What do Tucson and the UK have in common? One of the most stable asset classes available. And the same asset class is stable in many countries globally.
The answer is STUDENT HOUSING.
Multifamily markets (especially Student Housing) in the US and worldwide continue to defy the skeptics. Tucson’s multifamily market is keeping pace with 2015. We are almost exactly the same in sales volume according to John Affleck, a research strategist with CoStar Group.
Multifamily in Tucson is robust and the inventory for sale is shrinking. California and other out of state buyers are seeing the cap rates and the Tucson market prices and buying our properties like crazy. Some properties go on the market and are sold the same day.
Tucson vacancy rates are at a 10-year low which means there is more opportunity for new construction. The reason multifamily is so strong is the record of rent growth and stability as an investment asset. The upswing in stability started in 2011 and has increased every year after that. The steady performance of the multifamily market has attracted new capital for investors seeking to leverage their investment capital.
The capital market indicators of debt coverage ratios and gross rent multipliers are high and growing. As long as the interest rates continue to be stable the trends will continue and leverage capital will be available to investors.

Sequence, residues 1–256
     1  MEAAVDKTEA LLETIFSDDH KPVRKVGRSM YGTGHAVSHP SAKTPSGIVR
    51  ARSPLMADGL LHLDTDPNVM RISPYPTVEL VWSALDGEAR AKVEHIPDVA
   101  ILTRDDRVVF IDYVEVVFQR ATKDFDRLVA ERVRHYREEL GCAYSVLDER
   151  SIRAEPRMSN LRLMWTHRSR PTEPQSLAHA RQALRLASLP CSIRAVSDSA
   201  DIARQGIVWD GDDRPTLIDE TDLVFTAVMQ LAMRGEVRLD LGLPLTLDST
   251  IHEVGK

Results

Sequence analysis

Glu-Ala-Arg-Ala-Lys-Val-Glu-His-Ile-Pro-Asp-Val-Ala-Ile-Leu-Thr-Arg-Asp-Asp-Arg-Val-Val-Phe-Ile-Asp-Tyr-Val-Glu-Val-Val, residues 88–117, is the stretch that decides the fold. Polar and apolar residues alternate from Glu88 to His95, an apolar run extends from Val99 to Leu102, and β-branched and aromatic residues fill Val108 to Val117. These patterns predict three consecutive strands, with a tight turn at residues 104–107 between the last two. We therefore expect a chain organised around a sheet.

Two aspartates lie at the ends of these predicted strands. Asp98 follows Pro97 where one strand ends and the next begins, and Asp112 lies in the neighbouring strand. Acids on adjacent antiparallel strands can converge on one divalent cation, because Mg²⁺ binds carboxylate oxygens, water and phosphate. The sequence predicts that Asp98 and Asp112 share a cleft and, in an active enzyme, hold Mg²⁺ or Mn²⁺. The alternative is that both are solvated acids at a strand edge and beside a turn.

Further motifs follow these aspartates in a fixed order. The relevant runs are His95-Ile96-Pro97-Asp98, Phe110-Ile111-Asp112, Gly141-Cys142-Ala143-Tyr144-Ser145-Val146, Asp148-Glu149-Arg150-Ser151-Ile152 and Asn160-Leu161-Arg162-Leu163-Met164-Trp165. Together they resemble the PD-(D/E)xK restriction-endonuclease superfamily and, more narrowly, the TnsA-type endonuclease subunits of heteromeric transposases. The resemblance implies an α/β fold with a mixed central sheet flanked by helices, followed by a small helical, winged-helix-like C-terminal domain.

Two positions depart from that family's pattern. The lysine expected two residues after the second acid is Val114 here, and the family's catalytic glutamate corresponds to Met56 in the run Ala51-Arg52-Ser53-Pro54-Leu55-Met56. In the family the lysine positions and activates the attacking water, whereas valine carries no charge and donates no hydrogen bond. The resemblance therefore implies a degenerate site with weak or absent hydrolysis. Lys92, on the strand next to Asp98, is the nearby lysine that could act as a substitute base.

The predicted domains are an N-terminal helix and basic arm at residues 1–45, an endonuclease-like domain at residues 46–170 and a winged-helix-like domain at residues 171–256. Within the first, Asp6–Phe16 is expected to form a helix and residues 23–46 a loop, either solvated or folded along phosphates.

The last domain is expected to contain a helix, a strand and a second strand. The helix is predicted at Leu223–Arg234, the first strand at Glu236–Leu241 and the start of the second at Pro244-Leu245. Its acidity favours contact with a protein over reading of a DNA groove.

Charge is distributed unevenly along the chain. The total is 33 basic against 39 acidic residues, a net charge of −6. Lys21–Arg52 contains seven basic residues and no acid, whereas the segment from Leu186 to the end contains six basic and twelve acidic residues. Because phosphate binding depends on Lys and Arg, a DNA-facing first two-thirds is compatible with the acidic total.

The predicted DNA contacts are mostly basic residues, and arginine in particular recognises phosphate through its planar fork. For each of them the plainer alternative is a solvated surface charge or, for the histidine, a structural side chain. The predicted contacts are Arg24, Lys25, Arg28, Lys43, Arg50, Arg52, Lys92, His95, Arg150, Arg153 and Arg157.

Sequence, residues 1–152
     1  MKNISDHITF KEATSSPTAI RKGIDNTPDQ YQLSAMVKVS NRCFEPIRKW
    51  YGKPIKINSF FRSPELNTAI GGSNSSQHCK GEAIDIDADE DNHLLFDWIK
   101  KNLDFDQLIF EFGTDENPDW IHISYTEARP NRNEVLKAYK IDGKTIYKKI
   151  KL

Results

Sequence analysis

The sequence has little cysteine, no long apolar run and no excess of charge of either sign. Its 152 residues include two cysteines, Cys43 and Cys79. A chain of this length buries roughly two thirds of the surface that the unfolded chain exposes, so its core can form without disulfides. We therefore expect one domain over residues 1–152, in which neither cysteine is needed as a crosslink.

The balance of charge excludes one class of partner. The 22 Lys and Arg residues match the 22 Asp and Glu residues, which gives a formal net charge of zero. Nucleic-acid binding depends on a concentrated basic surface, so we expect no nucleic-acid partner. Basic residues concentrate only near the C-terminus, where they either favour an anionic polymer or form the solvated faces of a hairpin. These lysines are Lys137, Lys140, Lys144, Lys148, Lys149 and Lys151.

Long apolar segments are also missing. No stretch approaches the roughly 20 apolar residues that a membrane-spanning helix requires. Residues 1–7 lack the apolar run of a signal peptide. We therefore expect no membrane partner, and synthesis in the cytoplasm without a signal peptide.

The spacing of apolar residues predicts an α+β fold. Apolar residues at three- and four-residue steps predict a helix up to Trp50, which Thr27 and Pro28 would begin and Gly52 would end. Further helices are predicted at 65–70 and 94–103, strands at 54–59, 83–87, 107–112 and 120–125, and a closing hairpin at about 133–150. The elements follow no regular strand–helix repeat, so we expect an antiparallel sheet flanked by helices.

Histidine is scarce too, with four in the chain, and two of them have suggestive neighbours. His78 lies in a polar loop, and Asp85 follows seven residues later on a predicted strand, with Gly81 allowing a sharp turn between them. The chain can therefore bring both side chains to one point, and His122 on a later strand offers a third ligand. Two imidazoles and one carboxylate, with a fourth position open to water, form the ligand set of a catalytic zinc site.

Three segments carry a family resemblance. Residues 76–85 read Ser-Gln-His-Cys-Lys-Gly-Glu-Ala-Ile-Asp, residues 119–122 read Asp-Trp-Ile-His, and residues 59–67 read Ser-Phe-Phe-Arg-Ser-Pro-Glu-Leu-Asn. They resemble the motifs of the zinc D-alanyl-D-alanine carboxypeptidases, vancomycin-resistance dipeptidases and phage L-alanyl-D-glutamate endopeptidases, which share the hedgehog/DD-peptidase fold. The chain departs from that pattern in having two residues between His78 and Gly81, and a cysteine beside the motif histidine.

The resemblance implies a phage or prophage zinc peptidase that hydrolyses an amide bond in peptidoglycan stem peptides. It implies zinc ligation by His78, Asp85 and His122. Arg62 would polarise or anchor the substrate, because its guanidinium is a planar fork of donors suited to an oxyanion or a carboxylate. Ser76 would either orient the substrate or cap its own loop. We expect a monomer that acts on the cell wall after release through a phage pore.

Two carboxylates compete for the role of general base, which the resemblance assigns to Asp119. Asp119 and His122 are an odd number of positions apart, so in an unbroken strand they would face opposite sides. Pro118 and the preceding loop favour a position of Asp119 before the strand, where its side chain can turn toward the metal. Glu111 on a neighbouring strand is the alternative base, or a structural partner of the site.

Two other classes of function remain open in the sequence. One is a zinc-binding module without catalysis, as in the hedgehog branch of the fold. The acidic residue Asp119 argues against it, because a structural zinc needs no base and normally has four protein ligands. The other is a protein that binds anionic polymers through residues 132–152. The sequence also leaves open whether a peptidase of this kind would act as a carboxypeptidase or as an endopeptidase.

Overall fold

There doesn’t seem to be a bubble just yet and the economists and industry gurus are keeping an eye on it. Let’s all hope we see the bubble before it explodes like it did nearly a decade ago. Multifamily assets in the high end are experiencing some softness but the midrange assets are continuing to stay strong. Some midrange multifamily properties are foregoing amenities in favor of keeping rents down. There is only so much rents can go up before the renters begin to see they can own a home.
In lower income areas there are no signs of weakening rents or vacancies. The lower income markets continue to experience high occupancy rates and modest rent increases. The lower income areas do not offer the luxury amenities in favor of maintaining affordable rents.
Multifamily investments continue to indicate satisfactory returns on invested capital which suggests that sales of these properties will continue to be robust in the US and Tucson. Tucson has been a late bloomer in the CRE recovery but indications are that the recovery is underway in most sectors especially multifamily.
More good news is Fannie Mae announced recently that over $12 billion of multifamily mortgage-backed securities was issued in the first quarter of 2016. This year is $2+ billion ahead of the same period of 2015.
In my humble opinion Tucson has lagged behind the rest of the US for far too long; which confirms my feelings that we need some new faces guiding our community. We need leaders who have strong visions of prosperity who can implement strategies to move us forward at warp speed.
Change is welcome.
Chuck Corriere, MBA